Code by Kevin, Programming, code, business, and other pursuits
Kevin Walzer, software developer.
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I've released version 2.1 of Stringscan, my text search tool for macOS and Windows. This release includes refinements to the installation and minor bug fixes. It's a free and open-source app, so free to download and use.Tue, 19 May 2020
I've released version 2.0 of Stringscan, my grep-like tool for macOS and Windows. Like my other applications, this version features UI improvements for Mac and Windows, a significantly streamlined installation process for Windows, a new scripting API, and more. This application, a free release, asks for a donation to support its development.
With this release, I have completed a significant update cycle on all my apps for Mac and Windows, and I plan to take a break from app development and return to Tk development. My colleague Marc Culler has been doing a brilliant job with bug fixes and Tk improvements, and I'm eager to jump back in with some ideas for improving Tk.Thu, 30 Apr 2020
I've released version 4 of FileMorph, my file modification tool for macOS and Windows. This release continues my work with upgrading the UI of my apps for macOS, and assorted improvements for Windows as well. This release also continues my work in making my applications free but asking for user support with a donation. The app is very useful for batch modifications of file attributes, and I encourage you to give it a try.Fri, 13 Mar 2020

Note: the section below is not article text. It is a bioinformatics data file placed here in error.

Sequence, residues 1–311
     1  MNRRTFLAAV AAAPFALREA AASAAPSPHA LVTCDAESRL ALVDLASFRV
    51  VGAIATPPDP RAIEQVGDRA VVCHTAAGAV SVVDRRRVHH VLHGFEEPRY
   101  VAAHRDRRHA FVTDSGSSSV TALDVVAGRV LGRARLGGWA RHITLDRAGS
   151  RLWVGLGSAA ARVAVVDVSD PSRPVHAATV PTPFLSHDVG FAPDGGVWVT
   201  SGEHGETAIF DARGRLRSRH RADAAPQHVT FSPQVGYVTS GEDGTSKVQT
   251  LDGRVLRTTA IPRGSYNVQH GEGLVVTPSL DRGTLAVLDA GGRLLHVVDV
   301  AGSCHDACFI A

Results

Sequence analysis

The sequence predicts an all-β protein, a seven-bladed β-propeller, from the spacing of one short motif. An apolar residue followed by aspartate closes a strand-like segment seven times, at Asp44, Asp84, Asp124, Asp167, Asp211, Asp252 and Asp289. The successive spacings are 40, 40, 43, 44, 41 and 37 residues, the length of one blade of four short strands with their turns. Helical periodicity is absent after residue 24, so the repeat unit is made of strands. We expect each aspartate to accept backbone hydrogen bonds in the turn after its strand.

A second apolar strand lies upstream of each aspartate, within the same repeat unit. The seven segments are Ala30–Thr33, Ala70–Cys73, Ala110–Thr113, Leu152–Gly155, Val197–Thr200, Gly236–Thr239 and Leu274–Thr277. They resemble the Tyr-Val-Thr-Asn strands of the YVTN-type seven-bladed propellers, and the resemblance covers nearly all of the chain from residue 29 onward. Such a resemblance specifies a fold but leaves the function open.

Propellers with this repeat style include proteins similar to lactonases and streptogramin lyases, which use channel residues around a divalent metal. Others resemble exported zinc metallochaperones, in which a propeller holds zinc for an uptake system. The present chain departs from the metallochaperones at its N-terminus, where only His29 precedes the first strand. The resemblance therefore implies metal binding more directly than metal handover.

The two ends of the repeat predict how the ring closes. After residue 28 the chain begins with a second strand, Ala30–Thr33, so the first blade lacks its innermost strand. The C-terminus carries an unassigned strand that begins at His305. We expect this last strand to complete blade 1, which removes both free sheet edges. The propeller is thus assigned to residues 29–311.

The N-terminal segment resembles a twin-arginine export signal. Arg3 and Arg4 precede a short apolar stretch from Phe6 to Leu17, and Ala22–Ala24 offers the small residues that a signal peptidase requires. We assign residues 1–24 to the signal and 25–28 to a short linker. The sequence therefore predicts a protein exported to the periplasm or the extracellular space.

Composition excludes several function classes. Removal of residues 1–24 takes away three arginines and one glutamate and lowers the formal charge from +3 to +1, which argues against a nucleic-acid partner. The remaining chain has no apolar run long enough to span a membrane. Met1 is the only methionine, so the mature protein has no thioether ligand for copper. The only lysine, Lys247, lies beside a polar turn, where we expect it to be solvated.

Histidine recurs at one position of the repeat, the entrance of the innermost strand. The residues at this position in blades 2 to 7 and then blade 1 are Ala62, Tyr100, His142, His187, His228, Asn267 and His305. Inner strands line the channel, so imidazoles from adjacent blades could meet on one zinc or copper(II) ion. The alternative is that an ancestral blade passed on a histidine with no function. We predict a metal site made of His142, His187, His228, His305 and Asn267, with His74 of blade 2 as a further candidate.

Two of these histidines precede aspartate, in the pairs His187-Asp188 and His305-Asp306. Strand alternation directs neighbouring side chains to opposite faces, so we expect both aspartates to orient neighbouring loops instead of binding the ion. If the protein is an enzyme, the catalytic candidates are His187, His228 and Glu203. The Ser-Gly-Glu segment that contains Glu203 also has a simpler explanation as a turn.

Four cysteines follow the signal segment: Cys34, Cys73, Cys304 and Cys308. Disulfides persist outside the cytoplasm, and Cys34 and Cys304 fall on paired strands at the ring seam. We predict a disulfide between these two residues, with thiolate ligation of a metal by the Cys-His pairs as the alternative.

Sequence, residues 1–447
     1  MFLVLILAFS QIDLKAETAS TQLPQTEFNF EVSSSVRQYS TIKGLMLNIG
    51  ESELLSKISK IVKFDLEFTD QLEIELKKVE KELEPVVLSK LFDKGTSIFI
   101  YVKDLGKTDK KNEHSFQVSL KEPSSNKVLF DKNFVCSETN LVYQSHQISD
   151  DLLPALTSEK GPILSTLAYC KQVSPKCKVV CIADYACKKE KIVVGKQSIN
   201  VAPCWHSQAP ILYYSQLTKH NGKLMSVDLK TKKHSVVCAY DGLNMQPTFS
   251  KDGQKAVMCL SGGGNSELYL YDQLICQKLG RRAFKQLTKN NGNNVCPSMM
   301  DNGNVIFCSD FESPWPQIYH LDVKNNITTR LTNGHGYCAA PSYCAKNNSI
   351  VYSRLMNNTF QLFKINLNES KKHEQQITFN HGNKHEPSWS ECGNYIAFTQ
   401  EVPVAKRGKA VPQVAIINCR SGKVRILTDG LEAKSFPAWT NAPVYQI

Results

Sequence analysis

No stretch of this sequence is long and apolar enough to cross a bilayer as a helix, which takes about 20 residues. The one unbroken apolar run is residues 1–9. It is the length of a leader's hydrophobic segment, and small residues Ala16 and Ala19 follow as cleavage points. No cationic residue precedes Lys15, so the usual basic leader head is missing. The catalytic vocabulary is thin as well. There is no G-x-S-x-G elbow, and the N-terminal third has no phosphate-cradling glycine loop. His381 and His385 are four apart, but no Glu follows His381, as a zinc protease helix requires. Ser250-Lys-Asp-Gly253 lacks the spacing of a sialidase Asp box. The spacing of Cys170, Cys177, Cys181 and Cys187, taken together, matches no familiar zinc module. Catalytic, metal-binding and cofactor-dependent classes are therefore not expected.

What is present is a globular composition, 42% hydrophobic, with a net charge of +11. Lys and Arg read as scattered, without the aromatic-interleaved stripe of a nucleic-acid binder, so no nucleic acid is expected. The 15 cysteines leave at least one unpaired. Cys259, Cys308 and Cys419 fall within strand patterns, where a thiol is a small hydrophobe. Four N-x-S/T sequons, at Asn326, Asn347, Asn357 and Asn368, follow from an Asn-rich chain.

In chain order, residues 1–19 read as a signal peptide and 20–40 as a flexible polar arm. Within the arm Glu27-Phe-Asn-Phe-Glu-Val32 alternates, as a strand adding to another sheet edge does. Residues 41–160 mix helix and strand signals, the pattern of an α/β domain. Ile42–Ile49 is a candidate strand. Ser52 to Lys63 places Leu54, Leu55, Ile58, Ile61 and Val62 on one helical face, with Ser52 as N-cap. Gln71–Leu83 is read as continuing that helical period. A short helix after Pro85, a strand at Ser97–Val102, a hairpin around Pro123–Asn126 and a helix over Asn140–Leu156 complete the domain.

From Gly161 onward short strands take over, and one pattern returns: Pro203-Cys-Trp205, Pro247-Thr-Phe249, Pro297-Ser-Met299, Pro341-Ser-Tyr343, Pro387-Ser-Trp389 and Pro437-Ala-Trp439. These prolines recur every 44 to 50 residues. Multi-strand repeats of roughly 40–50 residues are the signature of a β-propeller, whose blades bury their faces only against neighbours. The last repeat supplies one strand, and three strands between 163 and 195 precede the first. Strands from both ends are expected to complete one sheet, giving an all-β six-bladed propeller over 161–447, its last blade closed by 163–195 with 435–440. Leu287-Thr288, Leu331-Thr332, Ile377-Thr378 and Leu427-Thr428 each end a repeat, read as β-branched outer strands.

I've released version 7.0 of QuickWho, my GUI DNS client for Mac and Windows. This is a significant update over previous versions with a new scripting interface, support for dark mode on macOS, and a streamlined Windows installation process.
As with my other apps, it is now free but requests a donation to support my open-source work. It's a useful tool; please give it a try.Fri, 03 Jan 2020
I've just released TextSweep 5.0, my search-and-replace tool for macOS and Windows, written in Tcl/Tk.
This release includes an updated user interface, support for Dark Mode on macOS, and a streamlined Windows installation process that reduces the download size, adds a command-line interface to the user's path, and more. Part of the updated UI is using the native help display systems on Mac and Windows.
This release also continues my shift in business model away from charging a registration fee to requesting donations through the Liberapay system for open-source developers.
It's a free download, and if you want a helpful, well-reviewed tool for search and replace of text in multiple files, it's worth a look.Sun, 13 Oct 2019
I've released version 9.1 of PortAuthority, my GUI for MacPorts, and Manpower, my man page viewer for macOS. These apps are now free to download and use; I've replaced the registration fee and serial numbers with a request for a donation to support my work at Liberapay. Both apps are significant updates over previous versions with full support for Catalina. Please check them out, especially if you use open source software or have interest in the Unix underpinnings of macOS.Fri, 11 Oct 2019
I am now accepting donations to support my open-source work on Liberapay--a funding platform analogous to Patreon, but for open-source developers. If the products I develop or the projects I maintain are helpful to you, please donate to hep fund my time spent on these projects. Thank you.Sat, 03 Aug 2019